California: Negligent Hiring and Respondeat Superior

By Tanya Roth, Esq. on July 07, 2011 | Last updated on March 21, 2019

California employment laws are complex. And so are the laws relating to employment, such as employment torts. Take, for example, the law of vicarious liability. Respondeat superior and negligent hiring aren’t always that different.

But there is a distinction.

A recent California Supreme Court case outlines this distinction, in a June 23 ruling.

The case involved a vehicle accident involving an SUV, a car and a truck. The truck was driving in the faster lane and was overtaken by the car. The car subsequently crashed into the SUV and the driver of the SUV sued all the parties involved. The truck driver was sued and so was his employer. The employer was sued under the tort theory of respondeat superior as well as under the theory of negligent hiring and retention.

The vicarious liability claim seems obvious, but why the negligent hiring claim?

As it turned out, the truck driver had a past history of accidents. In fact, in one accident, he was found to be at fault and another accident had occurred two weeks before he had been retained by the current trucking company.

But that's not all. The driver was also an illegal alien. And he had used a fake Social Security number and had negative recommendations from previous employers.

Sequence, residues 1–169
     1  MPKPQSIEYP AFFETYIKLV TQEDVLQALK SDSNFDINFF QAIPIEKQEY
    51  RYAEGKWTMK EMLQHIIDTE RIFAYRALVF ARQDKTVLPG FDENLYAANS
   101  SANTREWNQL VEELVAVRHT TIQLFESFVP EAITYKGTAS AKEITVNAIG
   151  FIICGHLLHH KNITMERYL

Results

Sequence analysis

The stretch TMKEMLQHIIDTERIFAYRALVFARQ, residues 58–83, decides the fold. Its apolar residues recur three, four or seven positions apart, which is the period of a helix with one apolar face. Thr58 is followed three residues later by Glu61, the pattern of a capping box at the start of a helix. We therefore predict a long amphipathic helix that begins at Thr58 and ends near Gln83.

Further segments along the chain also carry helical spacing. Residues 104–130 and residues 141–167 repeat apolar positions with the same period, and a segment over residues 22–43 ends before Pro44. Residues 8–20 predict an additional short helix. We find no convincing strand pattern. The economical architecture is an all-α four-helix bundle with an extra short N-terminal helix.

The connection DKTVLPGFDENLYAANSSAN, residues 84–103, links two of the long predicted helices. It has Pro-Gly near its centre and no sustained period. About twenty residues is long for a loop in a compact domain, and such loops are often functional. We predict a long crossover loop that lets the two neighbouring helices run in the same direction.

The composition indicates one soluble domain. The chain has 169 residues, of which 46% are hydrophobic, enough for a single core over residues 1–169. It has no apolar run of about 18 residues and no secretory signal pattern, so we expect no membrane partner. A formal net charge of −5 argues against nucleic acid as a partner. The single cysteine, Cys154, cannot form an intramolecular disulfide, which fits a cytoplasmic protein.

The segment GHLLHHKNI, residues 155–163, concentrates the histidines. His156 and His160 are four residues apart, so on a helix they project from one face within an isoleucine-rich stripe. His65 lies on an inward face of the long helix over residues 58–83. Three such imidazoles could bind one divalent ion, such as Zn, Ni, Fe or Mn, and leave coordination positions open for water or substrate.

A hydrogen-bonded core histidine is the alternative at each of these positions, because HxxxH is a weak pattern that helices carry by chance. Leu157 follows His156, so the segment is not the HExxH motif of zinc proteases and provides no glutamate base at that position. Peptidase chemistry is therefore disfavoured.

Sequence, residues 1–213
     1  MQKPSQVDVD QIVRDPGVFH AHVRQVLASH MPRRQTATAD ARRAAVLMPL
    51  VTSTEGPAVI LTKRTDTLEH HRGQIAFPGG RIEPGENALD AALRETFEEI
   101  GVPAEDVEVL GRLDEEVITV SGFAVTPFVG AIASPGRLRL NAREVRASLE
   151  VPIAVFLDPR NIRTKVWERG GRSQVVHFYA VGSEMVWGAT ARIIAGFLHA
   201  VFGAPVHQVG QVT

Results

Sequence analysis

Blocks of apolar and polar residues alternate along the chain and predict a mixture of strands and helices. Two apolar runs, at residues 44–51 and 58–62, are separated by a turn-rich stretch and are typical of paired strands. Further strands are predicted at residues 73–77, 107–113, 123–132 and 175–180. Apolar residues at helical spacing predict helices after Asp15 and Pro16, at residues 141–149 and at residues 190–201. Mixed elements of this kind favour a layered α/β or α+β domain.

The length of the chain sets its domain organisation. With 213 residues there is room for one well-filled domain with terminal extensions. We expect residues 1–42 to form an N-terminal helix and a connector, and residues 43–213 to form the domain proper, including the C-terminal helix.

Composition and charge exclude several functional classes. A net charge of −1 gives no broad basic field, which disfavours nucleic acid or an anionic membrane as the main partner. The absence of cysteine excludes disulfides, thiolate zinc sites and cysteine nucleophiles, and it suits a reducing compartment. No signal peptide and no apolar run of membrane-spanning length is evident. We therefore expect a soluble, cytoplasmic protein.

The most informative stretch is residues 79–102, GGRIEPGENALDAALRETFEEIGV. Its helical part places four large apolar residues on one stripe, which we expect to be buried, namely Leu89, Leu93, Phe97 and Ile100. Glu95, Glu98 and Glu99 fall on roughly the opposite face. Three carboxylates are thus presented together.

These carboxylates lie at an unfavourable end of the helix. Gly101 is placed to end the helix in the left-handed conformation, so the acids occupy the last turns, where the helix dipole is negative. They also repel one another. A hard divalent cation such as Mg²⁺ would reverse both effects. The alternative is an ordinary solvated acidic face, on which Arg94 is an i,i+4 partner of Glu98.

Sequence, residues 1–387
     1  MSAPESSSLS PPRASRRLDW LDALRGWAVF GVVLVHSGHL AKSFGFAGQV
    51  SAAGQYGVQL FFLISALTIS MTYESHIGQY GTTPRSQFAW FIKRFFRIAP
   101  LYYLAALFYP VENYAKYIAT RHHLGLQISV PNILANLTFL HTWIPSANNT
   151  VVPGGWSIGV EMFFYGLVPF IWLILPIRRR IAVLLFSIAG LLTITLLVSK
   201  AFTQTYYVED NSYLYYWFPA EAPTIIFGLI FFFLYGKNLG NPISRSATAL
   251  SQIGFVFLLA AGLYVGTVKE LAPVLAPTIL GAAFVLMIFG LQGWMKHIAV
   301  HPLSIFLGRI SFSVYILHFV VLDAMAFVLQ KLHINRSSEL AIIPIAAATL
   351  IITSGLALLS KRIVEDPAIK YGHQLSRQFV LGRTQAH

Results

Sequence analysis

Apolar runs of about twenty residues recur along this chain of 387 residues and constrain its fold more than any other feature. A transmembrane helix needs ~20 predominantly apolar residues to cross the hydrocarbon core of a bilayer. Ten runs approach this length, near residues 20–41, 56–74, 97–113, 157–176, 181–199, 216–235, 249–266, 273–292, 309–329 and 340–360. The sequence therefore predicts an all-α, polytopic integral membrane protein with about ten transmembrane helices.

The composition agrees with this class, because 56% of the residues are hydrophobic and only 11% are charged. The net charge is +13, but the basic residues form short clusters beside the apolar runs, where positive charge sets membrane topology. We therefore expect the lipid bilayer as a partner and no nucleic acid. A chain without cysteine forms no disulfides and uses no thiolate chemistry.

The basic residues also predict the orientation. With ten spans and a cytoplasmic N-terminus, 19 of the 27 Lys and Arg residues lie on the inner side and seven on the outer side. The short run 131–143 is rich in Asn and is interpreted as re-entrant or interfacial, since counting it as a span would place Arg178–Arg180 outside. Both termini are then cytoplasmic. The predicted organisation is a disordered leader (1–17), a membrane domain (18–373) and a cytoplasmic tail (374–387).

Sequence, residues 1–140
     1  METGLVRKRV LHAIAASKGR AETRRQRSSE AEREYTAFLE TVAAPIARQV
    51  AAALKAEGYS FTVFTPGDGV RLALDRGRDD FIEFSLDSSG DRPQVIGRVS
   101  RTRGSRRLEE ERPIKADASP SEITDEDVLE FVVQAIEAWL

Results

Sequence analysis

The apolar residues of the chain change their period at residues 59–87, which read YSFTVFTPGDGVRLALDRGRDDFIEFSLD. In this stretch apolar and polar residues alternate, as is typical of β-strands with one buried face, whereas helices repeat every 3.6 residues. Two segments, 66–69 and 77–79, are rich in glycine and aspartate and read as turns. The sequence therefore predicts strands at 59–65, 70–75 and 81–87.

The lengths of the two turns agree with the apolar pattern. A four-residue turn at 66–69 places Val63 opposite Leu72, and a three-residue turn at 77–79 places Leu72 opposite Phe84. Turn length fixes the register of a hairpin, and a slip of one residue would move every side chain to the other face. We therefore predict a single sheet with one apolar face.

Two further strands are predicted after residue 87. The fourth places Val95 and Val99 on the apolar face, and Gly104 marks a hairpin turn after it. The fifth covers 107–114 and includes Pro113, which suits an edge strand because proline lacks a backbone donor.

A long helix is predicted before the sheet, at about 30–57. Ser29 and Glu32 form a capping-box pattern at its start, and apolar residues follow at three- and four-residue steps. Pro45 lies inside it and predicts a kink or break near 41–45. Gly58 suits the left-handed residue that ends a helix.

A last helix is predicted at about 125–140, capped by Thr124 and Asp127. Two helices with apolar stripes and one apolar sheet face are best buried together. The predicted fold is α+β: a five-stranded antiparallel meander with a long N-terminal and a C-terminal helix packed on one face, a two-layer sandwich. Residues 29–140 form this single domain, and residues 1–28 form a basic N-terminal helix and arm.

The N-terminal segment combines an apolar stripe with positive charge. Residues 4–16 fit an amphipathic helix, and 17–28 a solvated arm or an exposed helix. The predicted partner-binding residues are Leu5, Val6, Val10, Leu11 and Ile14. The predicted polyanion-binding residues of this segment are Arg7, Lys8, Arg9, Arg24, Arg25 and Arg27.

Now, the trucking company decided to accept liability on the lesser charge of vicarious liability, if you can call it a "lesser charge". It was really just a different claim that the company hoped would keep all the incriminating and juicy details of Mr. Trucker's past misdeeds out of the courtroom.

But the trial court didn't bite. They allowed the plaintiff to introduce all the juicy details into evidence to the jury.

In the end, the jury found that the trucking company was negligent in hiring.

The trucking company appealed and the California Supreme Court heard the call -- and ruled in favor of the trucking company, finding that the evidence should not have been introduced once the employer was willing to accept responsibility for the employee's acts.

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